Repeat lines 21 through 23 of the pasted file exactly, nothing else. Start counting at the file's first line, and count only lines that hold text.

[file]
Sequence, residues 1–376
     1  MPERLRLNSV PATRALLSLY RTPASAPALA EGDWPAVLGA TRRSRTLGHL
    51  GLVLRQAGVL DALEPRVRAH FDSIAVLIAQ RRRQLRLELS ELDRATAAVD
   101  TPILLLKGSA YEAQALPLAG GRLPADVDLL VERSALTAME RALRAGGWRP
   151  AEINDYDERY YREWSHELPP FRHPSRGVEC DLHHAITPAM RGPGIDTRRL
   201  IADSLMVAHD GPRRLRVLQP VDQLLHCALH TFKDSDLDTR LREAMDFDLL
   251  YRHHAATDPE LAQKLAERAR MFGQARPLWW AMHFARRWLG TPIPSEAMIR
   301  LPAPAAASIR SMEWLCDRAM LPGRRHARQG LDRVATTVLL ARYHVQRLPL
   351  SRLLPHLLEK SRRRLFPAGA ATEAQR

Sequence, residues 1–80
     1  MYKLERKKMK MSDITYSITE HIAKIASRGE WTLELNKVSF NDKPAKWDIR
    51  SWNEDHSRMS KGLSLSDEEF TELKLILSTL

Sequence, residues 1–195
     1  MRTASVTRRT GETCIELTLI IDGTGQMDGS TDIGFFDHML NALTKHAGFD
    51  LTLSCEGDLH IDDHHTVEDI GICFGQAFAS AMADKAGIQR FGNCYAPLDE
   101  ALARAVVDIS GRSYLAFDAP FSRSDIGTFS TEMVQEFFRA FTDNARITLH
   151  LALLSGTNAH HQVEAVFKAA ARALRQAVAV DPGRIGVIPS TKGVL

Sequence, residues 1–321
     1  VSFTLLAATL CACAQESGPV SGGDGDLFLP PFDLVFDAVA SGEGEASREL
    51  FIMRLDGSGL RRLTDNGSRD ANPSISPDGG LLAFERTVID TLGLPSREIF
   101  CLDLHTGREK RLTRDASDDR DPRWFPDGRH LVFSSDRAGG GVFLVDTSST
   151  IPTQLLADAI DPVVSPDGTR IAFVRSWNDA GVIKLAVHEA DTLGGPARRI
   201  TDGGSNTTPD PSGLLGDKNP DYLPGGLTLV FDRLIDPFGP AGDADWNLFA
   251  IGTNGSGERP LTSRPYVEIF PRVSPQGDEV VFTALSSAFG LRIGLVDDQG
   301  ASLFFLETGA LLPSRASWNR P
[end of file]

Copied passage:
   101  CLDLHTGREK RLTRDASDDR DPRWFPDGRH LVFSSDRAGG GVFLVDTSST
   151  IPTQLLADAI DPVVSPDGTR IAFVRSWNDA GVIKLAVHEA DTLGGPARRI
   201  TDGGSNTTPD PSGLLGDKNP DYLPGGLTLV FDRLIDPFGP AGDADWNLFA